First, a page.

Full disclosure in this section will not only limit your liability under the law. It will also help to build trusting relationships with your customers.
AT&T also features a thorough bulleted list of all the ways they use customer information:
If your business shares user data with third-party software for taking orders, analytics, advertising, or any other reason, you'll need a third-party access to information clause.
Spotify explains the need for sharing information with third-parties:
In this section, it is necessary to list what types of third-party affiliates you share personal information with and why. This is a good place to mention services like Google Analytics or credit card processing software, with whom you would have to share user activity in order for the service to function properly.
CBS goes into great detail to ensure that users understand exactly who has access to their information:
GOV.UK created this chart of cookies within their Cookies Policy. Note how they explain what each cookie is for:
Even if you don't send marketing emails, it's important to let users know how you plan to communicate with them. If your system sends any emails, texts, phone calls, or other types of messages, let users know.
T-Mobile provides their visitors with a preference form to choose how they would prefer to be contacted:
Especially in the case of promotional messages, you'll also want to explain to customers how to opt-out if they wish.
Bed Bath & Beyond provides methods for opting out of promotional mailings for both email and standard post:
Although every business handles data differently, this section allows you to explain to users how their personal data is stored, accessed, protected, and managed.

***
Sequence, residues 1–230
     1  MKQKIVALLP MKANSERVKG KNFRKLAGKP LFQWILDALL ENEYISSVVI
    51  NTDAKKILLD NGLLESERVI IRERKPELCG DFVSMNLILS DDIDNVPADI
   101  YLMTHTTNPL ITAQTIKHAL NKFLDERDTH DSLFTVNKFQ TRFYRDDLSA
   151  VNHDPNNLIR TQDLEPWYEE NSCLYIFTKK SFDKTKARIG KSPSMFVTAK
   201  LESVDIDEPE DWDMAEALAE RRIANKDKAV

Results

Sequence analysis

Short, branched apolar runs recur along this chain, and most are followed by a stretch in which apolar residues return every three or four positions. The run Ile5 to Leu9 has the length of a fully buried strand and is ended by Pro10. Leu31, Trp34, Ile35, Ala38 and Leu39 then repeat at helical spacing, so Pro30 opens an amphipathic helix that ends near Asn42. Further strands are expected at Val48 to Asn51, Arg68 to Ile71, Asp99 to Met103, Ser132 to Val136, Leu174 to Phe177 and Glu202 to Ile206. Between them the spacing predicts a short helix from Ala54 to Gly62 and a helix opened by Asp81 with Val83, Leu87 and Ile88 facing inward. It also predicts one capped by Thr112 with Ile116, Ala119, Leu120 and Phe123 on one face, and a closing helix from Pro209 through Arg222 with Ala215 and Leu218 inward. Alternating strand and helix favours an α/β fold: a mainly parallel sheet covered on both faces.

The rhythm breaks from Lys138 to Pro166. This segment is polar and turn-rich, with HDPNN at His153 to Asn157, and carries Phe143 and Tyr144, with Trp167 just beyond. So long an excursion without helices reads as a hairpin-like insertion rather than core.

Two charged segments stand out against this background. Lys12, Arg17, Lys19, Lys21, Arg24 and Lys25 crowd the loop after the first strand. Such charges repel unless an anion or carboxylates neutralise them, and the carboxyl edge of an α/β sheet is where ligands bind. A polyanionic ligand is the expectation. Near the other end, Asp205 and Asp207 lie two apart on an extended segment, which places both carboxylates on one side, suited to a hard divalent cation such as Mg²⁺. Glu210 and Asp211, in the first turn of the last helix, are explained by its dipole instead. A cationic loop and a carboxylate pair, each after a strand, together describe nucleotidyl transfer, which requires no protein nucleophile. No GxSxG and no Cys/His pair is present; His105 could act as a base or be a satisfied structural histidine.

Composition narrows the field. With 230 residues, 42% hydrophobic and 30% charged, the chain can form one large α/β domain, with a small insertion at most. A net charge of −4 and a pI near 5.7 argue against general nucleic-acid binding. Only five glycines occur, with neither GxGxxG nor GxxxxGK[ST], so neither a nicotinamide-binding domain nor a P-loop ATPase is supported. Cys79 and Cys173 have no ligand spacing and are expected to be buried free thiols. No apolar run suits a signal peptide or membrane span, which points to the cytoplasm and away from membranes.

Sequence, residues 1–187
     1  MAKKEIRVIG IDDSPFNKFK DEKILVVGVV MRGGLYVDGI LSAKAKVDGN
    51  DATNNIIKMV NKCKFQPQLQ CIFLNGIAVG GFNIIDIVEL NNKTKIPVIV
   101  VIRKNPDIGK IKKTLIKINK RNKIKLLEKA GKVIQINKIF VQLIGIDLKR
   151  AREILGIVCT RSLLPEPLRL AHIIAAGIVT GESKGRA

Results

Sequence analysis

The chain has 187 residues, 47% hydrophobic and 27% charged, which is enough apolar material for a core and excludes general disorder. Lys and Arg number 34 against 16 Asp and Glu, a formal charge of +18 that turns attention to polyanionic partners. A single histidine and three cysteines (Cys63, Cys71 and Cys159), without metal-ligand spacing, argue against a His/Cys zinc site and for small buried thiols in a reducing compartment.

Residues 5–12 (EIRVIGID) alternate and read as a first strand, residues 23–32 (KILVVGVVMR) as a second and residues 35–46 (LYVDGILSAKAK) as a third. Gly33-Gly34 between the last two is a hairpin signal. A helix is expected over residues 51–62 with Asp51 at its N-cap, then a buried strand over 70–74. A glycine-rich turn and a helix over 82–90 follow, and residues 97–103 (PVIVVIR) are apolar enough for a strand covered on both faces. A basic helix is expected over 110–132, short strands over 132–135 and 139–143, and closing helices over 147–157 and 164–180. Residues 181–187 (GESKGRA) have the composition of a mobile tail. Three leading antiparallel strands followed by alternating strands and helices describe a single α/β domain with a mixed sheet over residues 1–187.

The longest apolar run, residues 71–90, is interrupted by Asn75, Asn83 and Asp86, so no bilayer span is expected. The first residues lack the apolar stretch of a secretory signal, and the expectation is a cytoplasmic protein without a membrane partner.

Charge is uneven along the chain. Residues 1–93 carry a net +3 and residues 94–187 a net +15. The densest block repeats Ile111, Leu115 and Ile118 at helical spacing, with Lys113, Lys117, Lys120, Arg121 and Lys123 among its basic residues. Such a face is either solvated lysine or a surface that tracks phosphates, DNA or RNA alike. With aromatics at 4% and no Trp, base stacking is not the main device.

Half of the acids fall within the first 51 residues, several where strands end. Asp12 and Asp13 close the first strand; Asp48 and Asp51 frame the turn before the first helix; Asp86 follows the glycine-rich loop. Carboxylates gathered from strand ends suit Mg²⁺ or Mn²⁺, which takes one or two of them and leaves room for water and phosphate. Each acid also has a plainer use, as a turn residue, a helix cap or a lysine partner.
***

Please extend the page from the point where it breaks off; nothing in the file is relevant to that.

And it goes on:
A few things you can include in this clause are:
Adobe addresses all of the above points in a clear and concise way:
While you can describe how a user may delete his or her account, you may also mention that your company retains the right to delete user accounts as well, but that some information may be retained indefinitely for legal, transactional, or other purposes.
Facebook details how a user may make changes to account information and then goes on to explain why user data may need to be retained:
Logitech explains a business transfer disclosure in one short paragraph:
Simply explain to users that in the event of a corporate acquisition or merger, the personal information of the customer database will also be transferred to the new owner. It is ideal to mention that your previous commitment to user privacy will be upheld throughout and after the transfer process.
Amazon describes the business transfer process while reminding consumers that all pre-existing agreements regarding privacy will be upheld:
Here's an example from Eventbrite:
Here you will describe your company's process for dispute resolution and let consumers know how to initiate the process if they have any complaints.
eBay's dispute resolution clause is short and simple:
The Walt Disney Company provides a good example here:
Here's an example from Whatsapp:
Don't let customers' questions and concerns over their privacy go unanswered. Give them an easy method of contacting you regarding privacy issues. If it's possible to provide a dedicated email or department to handle these issues, better still.
The USA Department of State provides two ways to make contact regarding privacy issues:
This article is not a substitute for professional legal advice. This article does not create an attorney-client relationship, nor is it a solicitation to offer legal advice.